Chopper line inspections to start
16 October 2018
Local helicopters will be back in the air for The Lines Company (TLC) towards the end this month undertaking critical line inspections.
TLC inspects around a third of its massive 11kV line network, plus its whole 33kV line network by helicopter each year. Inspections are delayed until after calving and lambing to minimise any impact on stock. If the weather is good, inspections will continue throughout the summer.
General manager – network Mike Fox said around one-third of the 11kV network and the whole of the 33kV network is inspected annually. This season nearly 2,600kms of line will be covered over terrain that is largely inaccessible any other way.
“In the southern part of our network, in particular, lines go through isolated terrain that’s hard to access; that’s just the nature of the TLC network. Using helicopters is fast and cost-effective and provides us with a wider overview you can’t get from the ground.”
Helicopter inspections were critical for safety and to ensure the reliability of power supply to TLC customers, Fox said. While TLC lines inspectors physically check power poles at least once every 15 years – even in the most remote locations – the helicopter checks allow the company to monitor poles, lines and other assets between those ground-based checks.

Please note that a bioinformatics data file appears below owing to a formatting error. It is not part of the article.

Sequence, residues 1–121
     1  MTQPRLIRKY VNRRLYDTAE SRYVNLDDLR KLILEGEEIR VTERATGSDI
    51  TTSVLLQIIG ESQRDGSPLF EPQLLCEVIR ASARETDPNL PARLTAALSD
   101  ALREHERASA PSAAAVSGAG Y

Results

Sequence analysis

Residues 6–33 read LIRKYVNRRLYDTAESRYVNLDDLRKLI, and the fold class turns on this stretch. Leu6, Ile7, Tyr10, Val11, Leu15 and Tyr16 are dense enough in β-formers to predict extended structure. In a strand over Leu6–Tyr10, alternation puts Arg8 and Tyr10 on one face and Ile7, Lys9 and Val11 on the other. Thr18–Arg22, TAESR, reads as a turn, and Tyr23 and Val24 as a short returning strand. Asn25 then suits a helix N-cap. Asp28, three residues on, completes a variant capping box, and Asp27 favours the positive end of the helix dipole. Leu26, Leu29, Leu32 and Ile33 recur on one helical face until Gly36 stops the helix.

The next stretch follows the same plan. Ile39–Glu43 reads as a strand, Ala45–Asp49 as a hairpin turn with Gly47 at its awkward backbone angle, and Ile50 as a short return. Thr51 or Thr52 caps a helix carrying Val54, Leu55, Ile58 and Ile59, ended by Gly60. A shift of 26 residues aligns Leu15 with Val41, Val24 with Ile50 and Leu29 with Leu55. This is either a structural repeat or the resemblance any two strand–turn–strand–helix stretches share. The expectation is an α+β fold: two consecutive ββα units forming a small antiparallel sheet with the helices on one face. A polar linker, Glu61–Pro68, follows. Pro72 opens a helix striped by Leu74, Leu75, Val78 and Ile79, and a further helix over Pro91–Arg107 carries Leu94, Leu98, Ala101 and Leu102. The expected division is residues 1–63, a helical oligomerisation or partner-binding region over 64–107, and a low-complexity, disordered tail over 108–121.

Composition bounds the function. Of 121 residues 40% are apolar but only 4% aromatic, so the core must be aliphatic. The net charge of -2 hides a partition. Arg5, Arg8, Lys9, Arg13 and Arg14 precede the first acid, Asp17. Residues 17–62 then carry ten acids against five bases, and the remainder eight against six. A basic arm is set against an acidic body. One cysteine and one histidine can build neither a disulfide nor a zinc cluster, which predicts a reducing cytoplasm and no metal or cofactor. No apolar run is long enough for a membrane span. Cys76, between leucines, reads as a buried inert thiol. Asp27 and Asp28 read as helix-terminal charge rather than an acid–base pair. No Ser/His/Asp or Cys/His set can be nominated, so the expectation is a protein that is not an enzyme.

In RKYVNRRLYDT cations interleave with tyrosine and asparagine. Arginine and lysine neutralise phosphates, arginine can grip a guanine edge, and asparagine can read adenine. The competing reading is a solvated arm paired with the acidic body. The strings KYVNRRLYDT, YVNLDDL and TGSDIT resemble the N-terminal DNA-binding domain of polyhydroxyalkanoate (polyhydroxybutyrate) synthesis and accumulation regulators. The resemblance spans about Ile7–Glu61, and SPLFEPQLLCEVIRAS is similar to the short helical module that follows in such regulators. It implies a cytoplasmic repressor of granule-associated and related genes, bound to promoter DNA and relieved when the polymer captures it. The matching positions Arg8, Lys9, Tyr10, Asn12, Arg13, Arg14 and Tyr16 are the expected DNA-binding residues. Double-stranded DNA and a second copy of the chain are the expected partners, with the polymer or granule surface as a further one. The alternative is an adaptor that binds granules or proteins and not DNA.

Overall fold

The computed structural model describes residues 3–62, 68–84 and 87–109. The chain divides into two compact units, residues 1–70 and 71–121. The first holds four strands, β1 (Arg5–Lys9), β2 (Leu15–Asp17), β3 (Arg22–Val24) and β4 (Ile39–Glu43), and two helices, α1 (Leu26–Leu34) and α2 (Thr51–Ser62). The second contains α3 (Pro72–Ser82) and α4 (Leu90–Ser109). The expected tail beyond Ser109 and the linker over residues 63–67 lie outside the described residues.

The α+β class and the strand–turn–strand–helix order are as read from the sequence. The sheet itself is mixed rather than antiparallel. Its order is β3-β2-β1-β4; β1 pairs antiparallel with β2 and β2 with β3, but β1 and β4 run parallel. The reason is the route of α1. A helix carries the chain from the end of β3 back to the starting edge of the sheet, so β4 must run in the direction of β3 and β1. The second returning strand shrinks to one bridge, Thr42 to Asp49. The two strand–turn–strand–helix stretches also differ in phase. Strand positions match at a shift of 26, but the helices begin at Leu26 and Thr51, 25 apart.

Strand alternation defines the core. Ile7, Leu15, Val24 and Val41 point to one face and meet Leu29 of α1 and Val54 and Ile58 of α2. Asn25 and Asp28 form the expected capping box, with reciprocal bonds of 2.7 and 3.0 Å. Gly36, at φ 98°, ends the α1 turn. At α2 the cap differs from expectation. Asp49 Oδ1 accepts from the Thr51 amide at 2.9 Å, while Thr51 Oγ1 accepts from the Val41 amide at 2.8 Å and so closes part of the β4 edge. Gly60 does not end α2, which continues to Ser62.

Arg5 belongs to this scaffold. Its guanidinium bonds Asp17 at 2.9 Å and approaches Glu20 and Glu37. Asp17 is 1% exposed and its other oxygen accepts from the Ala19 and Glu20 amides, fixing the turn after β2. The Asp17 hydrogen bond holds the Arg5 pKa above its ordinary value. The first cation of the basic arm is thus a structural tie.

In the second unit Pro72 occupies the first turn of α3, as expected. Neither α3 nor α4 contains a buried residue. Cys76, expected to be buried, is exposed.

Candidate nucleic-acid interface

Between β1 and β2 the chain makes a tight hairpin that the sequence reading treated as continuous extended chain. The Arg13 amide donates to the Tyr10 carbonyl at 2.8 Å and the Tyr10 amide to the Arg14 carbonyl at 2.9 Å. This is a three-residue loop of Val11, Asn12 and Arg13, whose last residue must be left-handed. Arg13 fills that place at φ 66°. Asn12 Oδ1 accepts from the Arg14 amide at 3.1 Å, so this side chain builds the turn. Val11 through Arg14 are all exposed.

“The 33kV lines have a major impact on customers because they transport power to the substations so we take a good hard look at those. At the same time, we assess the poles and wires and check for any potential faults.”
Trees and vegetation also come in for special attention during the flights, Fox said.
“Trees are a real challenge for us across our whole network because 60-70 per cent of power outages in storms are due to trees.”
In April this year, TLC backed calls for an urgent review of tree regulations, saying poor tree maintenance was costing its customers around $80 – $120 each per year. The company is forced to spend around $1 million a year trimming and felling trees and another $700,000 – $1 million per year fixing faults caused by trees falling on lines.
TLC uses two local helicopter companies, Heli A1 and Western Helicopters. Fox said drone technology was being investigated and a drone trial on one small section of line was planned before Christmas.
“At this stage, however, because drones have some significant limitations, using helicopters for these inspections remains by far the best and cheapest option.”